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Film ‘Sold’ Aims to Raise Awareness of Human Trafficking #TaughtNotTrafficked

3 min read

by Neena Abraham

“Sold”—a film based on the award-winning novel by Patricia McCormick—is set to premiere in select theaters on April 1. Directed by Academy-Award winner Jeffrey Brown, “Sold” recounts the story of Lakshmi, a 13-year-old girl trafficked from her Nepali village to an Indian brothel.

The movie’s cast includes David Arquette, Gillian Anderson, and Seirah Royin.

The three work through an NGO called Hope House to rescue Lakshmi. Anderson photographs the young girl walking through Kolkata’s red light district and makes it her mission to save her.

SOLD FILM TRAILER 2016 from Jaya International on Vimeo.

Human slavery is a $150 billion industry. Currently, the United States government allocates $30 million to fight human trafficking domestically and abroad. It is an invisible crime and children have no voice in the issue. 


The goal of “Sold” is to commit more resources and people toward fighting against human trafficking.

“We want to create awareness and put people in the shoes of those who are trafficked,” Brown said. “We want to make a shift through the experience and prompt people to change something. It also hopes to attract more resources from government officials.”


Jane Charles, one of the movie’s executive producers, explains that human trafficking “highlights the issue of economics and gender equality.”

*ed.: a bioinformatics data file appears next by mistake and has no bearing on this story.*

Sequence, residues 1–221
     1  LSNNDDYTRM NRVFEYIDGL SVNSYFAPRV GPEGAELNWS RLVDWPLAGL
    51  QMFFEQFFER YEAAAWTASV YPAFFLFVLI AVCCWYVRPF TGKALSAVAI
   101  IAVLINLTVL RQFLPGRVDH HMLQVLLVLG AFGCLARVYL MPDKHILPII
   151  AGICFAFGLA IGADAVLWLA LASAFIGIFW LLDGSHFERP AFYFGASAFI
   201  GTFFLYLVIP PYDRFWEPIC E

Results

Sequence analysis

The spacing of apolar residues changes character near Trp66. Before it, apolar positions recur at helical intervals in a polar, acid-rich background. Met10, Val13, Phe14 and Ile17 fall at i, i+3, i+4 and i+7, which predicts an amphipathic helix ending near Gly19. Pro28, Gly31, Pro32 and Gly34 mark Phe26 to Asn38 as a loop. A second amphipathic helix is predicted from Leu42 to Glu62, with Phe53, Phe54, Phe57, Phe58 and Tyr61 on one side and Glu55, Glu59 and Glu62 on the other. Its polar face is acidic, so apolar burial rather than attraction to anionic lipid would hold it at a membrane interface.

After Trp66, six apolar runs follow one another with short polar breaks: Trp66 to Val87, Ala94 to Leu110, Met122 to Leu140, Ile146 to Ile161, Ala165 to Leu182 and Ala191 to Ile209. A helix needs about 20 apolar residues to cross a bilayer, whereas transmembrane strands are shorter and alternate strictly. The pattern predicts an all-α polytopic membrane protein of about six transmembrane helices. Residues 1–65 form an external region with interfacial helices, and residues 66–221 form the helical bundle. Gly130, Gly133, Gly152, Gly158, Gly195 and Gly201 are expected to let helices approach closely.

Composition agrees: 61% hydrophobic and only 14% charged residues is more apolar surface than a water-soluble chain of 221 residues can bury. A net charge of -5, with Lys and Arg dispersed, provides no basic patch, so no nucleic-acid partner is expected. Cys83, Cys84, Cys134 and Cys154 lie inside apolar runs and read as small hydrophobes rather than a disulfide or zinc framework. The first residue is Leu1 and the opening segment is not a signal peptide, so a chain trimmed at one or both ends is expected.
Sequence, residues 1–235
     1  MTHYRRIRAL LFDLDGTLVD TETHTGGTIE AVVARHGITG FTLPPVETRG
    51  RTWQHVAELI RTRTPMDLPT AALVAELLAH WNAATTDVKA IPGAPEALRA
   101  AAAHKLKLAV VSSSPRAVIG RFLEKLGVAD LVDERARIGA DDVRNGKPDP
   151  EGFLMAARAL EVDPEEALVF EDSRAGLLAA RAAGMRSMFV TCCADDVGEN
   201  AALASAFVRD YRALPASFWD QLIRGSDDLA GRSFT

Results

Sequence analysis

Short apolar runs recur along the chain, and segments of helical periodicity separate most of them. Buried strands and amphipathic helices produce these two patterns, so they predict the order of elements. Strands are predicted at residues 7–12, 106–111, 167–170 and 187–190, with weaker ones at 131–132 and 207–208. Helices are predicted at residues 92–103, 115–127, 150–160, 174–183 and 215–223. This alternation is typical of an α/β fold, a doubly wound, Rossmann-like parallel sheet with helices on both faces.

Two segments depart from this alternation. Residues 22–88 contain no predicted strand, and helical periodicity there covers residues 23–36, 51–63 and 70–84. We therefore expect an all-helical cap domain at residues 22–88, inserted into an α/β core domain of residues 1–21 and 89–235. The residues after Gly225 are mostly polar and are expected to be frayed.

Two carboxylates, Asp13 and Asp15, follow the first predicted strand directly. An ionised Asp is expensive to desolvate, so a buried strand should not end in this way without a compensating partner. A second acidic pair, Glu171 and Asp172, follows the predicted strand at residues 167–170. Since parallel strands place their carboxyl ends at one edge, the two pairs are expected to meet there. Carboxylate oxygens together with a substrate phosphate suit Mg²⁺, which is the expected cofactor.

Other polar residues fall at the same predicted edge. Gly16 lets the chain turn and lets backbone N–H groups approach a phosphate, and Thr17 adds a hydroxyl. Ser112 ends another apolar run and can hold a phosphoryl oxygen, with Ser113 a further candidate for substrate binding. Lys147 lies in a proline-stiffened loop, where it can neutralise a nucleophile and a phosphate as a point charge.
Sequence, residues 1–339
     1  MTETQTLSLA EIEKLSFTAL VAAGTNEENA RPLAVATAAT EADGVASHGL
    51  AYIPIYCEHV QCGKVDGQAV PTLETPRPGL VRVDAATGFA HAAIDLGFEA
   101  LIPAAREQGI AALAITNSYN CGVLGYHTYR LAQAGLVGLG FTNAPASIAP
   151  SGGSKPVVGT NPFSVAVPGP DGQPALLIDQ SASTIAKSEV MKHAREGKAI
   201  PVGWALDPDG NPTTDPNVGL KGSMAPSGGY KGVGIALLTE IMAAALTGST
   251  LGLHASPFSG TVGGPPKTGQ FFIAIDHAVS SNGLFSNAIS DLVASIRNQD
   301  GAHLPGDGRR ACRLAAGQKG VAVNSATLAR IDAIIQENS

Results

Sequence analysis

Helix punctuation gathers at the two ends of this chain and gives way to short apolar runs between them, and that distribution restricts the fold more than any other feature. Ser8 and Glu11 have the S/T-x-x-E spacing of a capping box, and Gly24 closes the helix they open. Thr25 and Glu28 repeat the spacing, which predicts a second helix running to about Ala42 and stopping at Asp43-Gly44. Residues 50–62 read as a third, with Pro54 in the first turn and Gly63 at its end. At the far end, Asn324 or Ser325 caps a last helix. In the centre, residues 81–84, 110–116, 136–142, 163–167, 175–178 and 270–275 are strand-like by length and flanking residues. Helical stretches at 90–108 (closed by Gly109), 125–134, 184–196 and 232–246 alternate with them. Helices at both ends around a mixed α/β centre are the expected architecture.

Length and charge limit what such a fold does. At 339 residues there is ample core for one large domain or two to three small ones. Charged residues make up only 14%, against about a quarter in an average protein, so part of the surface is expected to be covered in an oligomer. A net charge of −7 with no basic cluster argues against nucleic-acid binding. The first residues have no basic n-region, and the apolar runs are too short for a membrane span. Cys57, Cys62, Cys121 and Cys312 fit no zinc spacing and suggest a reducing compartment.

“We need to look at the issue at an early age and talk about not objectifying women and protect our children,” he added. 

Thusly the film has partnered with large organizations such as Child Reach International, Rotary International, and the Art of Living Foundation. The partnerships have led efforts such as mindfulness training for victims, educational initiatives in vulnerable communities, and social media activism via #taughtnottrafficked. Through these partnerships, the filmmakers will use the film as a fundraising tool to directly reduce risk factors for human trafficking.



“It is not a movie that is trying to point a finger at what’s happening in India in any type of a bad way,” Royin, who plays Mrs. Tripathi from the Hope House in the film, says. “One thing we stress is that it happens all of over the world; it happens in our backyard, it happens in every community.”


SOLD plays in select theatres starting April 1, 2016: http://bit.ly/24JZg3e 

To request a screening, please contact: http://bit.ly/1VSpgpA

If you would like to get involved or contribute, please visit the site for SOLD the Movie: http://bit.ly/1RyusJ1

[All photos and graphics are courtesy of team ‘Sold’]

Neena ABorn in New York and now living in Baltimore, Neena Abraham is the Project/Ad Sales Manager at Brown Girl Magazine. She joined the magazine to work with and befriend inspiring South Asian women as well as stay connected to her culture.